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Oh What a Lovely War at Southwark Playhouse | Review

Oh What A Lovely War was the brainchild of the legendary theatre maker Joan Littlewood along with her partner Gerry Raffles and the show’s original cast. It premiered at Theatre Royal Stratford East in March 1963 and was a resounding success, nominated for numerous awards both here and on Broadway. In 1969 Richard Attenborough directed the film which was also an enormous success.

Tom Crabtree, Harry Curley, Oh What a Lovely War, UK tour, credit Alex Harvey-Brown.
Tom Crabtree, Harry Curley, Oh What a Lovely War, UK tour, credit Alex Harvey-Brown.

Now sixty years after it was first produced, Blackeyed Theatre in association with South Hill Park have revived it at Southwark Playhouse and it couldn’t be timelier. Set in a rundown circus tent, the six performers who all play various characters, are dressed as Pierrots in a Comedia dell’arte style as they were in Littlewood’s original production as they play out the horrendous story of World War I – the “war to end all wars” where millions died in a futile war and whilst Oh What A Lovely War is told as a farce, the war certainly wasn’t.

Using popular songs of the time such as “It’s A Long Way To Tipperary”, “Goodbye-ee”, “Roses Of Picardy” and “Keep The Home Fires Burning” amongst many others, Oh What A Lovely War, could be called the first jukebox musical. The songs drive the narrative and are perfectly chosen to illustrate what’s going on at a specific time during the four years of the war. To reinforce the horrific goings on at the Western Front, facts appear as surtitles showing how many millions died for minor gains in territory. Oh What A Lovely War also illustrates the incompetency of the generals and politicians who directed the battles and sent ordinary soldiers to death and mutilation – the show isn’t performed as a farce without reason.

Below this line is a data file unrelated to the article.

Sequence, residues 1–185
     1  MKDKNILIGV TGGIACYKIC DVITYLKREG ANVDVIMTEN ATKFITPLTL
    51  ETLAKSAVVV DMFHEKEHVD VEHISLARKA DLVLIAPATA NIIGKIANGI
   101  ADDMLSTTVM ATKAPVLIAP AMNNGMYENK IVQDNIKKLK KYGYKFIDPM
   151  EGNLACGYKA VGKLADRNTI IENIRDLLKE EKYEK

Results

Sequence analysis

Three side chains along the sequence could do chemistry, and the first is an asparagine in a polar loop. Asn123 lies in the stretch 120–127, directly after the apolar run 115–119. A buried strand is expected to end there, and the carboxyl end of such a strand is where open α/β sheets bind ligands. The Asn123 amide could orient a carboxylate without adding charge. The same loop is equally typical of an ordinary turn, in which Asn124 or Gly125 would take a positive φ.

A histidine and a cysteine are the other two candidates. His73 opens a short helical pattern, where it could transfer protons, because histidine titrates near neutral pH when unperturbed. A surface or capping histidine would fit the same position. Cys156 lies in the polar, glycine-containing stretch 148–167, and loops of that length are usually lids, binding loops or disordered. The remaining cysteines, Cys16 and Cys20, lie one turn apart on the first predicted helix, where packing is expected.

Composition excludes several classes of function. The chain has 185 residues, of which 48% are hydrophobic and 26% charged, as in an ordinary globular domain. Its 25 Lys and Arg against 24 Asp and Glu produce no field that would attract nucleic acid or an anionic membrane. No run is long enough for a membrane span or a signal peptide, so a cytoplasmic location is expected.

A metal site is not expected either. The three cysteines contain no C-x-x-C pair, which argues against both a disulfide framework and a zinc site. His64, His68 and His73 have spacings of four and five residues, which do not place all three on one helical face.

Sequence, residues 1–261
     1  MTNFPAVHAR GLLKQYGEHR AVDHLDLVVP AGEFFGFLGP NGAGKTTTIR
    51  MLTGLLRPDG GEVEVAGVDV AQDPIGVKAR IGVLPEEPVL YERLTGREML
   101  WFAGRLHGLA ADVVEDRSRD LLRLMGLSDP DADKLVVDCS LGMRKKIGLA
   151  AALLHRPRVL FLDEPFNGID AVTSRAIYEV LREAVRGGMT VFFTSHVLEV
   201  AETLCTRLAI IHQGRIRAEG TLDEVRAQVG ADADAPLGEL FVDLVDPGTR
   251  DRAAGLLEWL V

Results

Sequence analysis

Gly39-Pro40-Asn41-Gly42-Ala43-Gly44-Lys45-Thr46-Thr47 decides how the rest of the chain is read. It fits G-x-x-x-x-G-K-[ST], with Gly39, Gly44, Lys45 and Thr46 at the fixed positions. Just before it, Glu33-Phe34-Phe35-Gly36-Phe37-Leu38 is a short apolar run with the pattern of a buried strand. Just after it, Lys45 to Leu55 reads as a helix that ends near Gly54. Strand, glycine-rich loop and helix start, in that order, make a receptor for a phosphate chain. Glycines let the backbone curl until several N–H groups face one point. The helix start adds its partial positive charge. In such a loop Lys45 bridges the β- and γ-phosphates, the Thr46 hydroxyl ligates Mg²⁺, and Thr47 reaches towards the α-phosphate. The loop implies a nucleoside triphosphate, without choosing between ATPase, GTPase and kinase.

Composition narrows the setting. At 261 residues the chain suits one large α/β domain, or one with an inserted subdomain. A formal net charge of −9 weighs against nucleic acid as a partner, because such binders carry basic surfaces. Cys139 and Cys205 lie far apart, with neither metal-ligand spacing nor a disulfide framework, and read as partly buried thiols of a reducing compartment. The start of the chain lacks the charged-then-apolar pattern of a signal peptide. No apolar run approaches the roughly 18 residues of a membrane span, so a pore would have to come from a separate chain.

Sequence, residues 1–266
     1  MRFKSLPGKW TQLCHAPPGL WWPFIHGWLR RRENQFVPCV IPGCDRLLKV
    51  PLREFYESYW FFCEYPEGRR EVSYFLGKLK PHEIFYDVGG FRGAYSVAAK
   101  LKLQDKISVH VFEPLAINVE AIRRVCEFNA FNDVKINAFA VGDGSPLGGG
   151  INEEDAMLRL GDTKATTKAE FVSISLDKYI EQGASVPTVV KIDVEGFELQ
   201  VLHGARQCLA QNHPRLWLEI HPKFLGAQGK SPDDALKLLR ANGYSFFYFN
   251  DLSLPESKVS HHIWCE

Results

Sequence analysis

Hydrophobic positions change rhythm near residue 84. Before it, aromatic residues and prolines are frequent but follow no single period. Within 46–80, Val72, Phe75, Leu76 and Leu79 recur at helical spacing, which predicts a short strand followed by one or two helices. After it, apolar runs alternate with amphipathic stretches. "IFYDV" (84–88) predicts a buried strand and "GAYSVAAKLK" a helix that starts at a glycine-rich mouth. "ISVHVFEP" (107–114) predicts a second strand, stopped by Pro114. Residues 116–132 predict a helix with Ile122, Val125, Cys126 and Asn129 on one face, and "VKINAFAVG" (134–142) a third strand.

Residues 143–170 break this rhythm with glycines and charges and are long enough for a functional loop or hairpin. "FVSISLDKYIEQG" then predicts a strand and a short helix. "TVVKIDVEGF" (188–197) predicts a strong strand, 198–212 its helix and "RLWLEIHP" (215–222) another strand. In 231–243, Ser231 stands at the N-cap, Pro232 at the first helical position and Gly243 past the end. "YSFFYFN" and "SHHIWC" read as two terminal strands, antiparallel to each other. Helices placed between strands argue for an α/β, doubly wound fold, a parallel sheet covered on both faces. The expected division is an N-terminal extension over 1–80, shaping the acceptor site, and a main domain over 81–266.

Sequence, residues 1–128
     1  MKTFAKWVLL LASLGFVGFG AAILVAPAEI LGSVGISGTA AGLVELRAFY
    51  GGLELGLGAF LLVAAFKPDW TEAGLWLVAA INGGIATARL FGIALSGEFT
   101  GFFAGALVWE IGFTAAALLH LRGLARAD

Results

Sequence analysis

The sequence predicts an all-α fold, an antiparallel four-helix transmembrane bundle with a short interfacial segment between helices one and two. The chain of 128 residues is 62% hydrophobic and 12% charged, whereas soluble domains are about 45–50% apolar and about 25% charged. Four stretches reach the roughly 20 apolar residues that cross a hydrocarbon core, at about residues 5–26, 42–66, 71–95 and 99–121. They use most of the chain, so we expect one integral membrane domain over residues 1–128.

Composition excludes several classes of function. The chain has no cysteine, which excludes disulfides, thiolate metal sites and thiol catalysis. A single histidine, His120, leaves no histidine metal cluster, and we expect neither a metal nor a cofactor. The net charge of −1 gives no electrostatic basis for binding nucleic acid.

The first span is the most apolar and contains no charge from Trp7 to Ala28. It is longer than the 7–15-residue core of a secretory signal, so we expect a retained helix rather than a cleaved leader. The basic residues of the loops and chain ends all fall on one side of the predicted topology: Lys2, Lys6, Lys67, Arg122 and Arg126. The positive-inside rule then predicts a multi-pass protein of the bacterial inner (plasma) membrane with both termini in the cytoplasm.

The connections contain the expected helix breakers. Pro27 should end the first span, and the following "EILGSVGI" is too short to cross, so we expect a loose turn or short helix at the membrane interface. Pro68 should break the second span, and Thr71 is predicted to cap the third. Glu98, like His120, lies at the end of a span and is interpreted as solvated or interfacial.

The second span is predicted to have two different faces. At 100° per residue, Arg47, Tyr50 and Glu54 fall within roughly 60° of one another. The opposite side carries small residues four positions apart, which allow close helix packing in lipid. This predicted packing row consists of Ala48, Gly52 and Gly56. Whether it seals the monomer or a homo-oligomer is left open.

What makes this production a triumph, apart from the wonderful material, is the performances of the six-strong cast who not only portray a number of roles but also play an array of various instruments, changing from one to another seamlessly. This is a real ensemble that meshes wonderfully together as they swap costumes, instruments and personas singing wonderfully too. The six are Christopher Arkeston, Tom Crabtree, Harry Curley, Alice E Mayer, Chioma Uma and Euan Wilson a group of young, recently graduated performers who give the piece great energy and brio. As good as they all are (and they are all excellent) special mention should go to Robin Williams lookalike Curley whose expressive face and mannerisms are a joy to behold – his Sergeant Major sketch is a highlight.

Nicky Allpress directs with a firm grip on what’s needed to make a difficult subject both funny and poignant and she’s aided and abetted by Movement Director Adam Haigh who makes even the bringing on of props and costumes somewhat balletic. Whist Musical Director Ellie Verkerk doesn’t appear, her use of all acoustic instruments is a joy. Also the singers don’t have head microphones so although the occasional lyric is lost behind a trumpet or trombone, listening to the non-amplified singing and playing is literally music to the ears.

This production of Oh What A Lovely War couldn’t have come at a more apt time. With two horrendous wars going on at the moment, where politicians and generals are causing mayhem and ordinary people are suffering horrendous depravation and dying unnecessarily, Oh What A Lovely War with six brilliant performers performing in Pierrot costumes shows that we’ve learned very little since the war to end all wars. As Sondheim wrote about sending in the clowns – “Don’t bother they’re here”.

5 Star Rating

Review by Alan Fitter

Roll up, Roll up! And take your seat for the ever-popular ‘War Game’!

A cornerstone of modern musical theatre and one of the very greatest stage satires, Oh What A Lovely War is an extraordinary theatrical journey bringing to life the folly, farce and tragedy of the First World War.

Wildly satirical, visually stunning and deeply moving, it’s the musical that revolutionised modern theatre; an exhilarating, no-holds-barred assault on the military incompetence and inconceivable disregard for human life the First World War has come to represent.

Packed with timeless songs, razor-sharp satire and high jinks, Oh What A Lovely War is a hilarious, heart-breaking snapshot of life for those caught in the crossfire of conflict, a unanimous voice from the trenches and a timely warning from the theatre of war itself. Now, more than ever, it holds a mirror up to the world and speaks to us all.

21 NOV – 9 DEC 2023

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